Twenty-Five Years In The Rifle Brigade [NOOK Book]

Overview

CHAPTER I.

Birth and Parentage--Enters the Militia--Volunteers into the
Line--Joins the Army ...
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Twenty-Five Years In The Rifle Brigade

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Overview

CHAPTER I.

Birth and Parentage--Enters the Militia--Volunteers into the
Line--Joins the Army destined for Holland--The Troops embark at
Deal--Land at the Helder--Laxity of discipline--March for
Schagen--Detachment under Sir Ralph Abercromby sent to surprise
Hoorne--Hoorne surrenders.


I was born on the 4th of August, 1781, in the village of Corbridge, in
the county of Northumberland; of parents who may be said to have been
among the middle classes, my father being a tradesman. They gave me such
an education as was customary with people of their station in life; viz.
reading, writing, and arithmetic. My mother having sprung from a pious
race, was the first to implant in my mind any sense of religion; indeed,
it is to the spiritual seed sown in my heart by her during my youth,
that I am indebted, under God, for having been brought, many years
afterwards, to consider my ways, and to turn to Him. Nevertheless, being
naturally of a sensual and wicked disposition, I, as might be expected,
spent a dissolute youth, which often caused great pain and uneasiness to
my good and pious mother. But I did not continue long under the paternal
roof; for, having from my infancy a great predilection for a military
life, I embraced almost the first opportunity that offered, after I
became sufficiently grown, to enter into the militia of my native
county. I enlisted on the 15th of November, 1798, being then little more
than seventeen years of age. I entered this service with the
determination that, should I not like a soldier's life, I would then,
after remaining a few years in it, return home; but, if I did like it,
to volunteer into the line, and make that my occupation for life. It
will readily be believed that this undutiful step affected deeply my
excellent parents; for though my father was not _then_ a religious man,
he had a heart susceptible of the tenderest feelings; and I really
believe that no parents ever felt more deeply the combined emotions of
tender regret at my leaving them so young, and for such a purpose, and
at the disgrace which my wayward conduct had, as they imagined, brought
upon myself. But though evil in itself, God overruled it for good to me,
and, I trust, to them also. I would here remark that the life of a
soldier was by no means considered in my native village, at that time,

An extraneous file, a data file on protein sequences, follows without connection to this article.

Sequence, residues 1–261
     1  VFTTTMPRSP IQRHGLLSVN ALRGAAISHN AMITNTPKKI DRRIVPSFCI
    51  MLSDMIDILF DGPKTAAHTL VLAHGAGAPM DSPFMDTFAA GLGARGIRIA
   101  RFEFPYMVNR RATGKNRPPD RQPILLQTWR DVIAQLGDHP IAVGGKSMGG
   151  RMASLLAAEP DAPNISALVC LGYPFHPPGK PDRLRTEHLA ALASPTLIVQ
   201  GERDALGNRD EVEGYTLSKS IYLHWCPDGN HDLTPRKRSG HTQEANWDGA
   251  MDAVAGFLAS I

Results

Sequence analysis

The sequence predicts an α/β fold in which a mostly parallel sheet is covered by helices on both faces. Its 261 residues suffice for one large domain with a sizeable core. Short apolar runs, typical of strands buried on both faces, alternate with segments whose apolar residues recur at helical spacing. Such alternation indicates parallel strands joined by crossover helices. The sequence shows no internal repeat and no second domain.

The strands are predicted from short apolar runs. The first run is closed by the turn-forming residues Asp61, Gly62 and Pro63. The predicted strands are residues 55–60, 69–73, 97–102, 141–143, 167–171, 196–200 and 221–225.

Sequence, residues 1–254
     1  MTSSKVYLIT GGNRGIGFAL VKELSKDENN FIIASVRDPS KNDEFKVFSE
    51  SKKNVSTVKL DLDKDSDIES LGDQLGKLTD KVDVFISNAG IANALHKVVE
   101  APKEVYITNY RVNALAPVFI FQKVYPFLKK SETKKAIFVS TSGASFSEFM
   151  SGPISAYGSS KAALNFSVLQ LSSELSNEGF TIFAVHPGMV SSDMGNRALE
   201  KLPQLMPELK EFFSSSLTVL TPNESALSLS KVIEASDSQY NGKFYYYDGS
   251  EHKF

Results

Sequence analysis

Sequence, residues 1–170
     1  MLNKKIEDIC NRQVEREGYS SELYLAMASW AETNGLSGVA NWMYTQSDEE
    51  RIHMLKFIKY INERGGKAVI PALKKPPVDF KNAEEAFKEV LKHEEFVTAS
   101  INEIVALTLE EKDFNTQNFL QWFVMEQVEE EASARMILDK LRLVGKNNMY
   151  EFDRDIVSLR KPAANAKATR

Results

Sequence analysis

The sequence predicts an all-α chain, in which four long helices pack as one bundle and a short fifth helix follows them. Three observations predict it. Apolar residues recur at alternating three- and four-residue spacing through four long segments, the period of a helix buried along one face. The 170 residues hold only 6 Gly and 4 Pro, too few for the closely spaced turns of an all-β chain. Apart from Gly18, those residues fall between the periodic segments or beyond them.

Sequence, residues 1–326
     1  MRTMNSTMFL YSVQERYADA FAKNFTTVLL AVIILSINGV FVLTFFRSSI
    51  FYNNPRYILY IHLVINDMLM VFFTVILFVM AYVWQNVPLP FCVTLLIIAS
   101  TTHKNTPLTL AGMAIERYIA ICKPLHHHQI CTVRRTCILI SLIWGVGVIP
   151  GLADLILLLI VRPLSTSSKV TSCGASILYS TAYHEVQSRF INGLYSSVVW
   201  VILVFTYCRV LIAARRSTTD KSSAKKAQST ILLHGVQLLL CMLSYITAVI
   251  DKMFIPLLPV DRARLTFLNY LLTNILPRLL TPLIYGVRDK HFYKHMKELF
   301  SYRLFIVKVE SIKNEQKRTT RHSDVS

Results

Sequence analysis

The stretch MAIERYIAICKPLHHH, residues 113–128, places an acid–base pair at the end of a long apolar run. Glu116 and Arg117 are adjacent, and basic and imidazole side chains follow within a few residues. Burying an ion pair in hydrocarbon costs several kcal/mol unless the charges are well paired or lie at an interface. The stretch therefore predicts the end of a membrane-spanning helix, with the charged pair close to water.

as at all creditable; and when I sometimes in my boyhood used to exhibit
symptoms of a military inclination, I was often taunted with the then
opprobrious expression, "Ay, thou likes the smell of poother,"
intimating thereby that I was likely to disgrace myself by going for a
soldier.

I left my family in much grief in the beginning of 1799, and marched
with several other recruits to join my regiment at Chelmsford in Essex,
where we arrived in about a month, and where I began my military career.
I always liked a soldier's life, consequently I did not suffer from many
of those parts of it which are so unpleasant to those of a contrary
disposition; and, as I took pleasure in it, I of course made more
progress in acquiring a knowledge of my duty than some others who set
out with me. I was early placed in the first squad, an honour which I
considered no trifling one in those days,--but none of us finished our
drill; for, in July of the same year, an order was issued, permitting
such men as chose to extend their services, to volunteer into the line,
in order to recruit the army then destined for Holland. We had
previously marched from Chelmsford to Colchester, a distance of
twenty-one miles, which march was to me, I think, the severest I ever
underwent; for being young, and totally unaccustomed to any thing like
it, the weight of the musket, bayonet, accoutrements, and knapsack,
appeared, towards the latter end of the march, to be almost intolerable;
but I kept up, although excessively tired. This will show how necessary
it is at all times to accustom troops, destined for service, to move in
such order as they will be expected to do when they take the field--for,
if unaccustomed to the carriage of the knapsack, and to frequent marches
with it for exercise, they will be utterly unable to perform any
movement against, or in the face of an enemy, with that celerity
necessary to ensure success.
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Product Details

  • BN ID: 2940013158368
  • Publisher: SAP
  • Publication date: 7/30/2011
  • Sold by: Barnes & Noble
  • Format: eBook
  • File size: 341 KB

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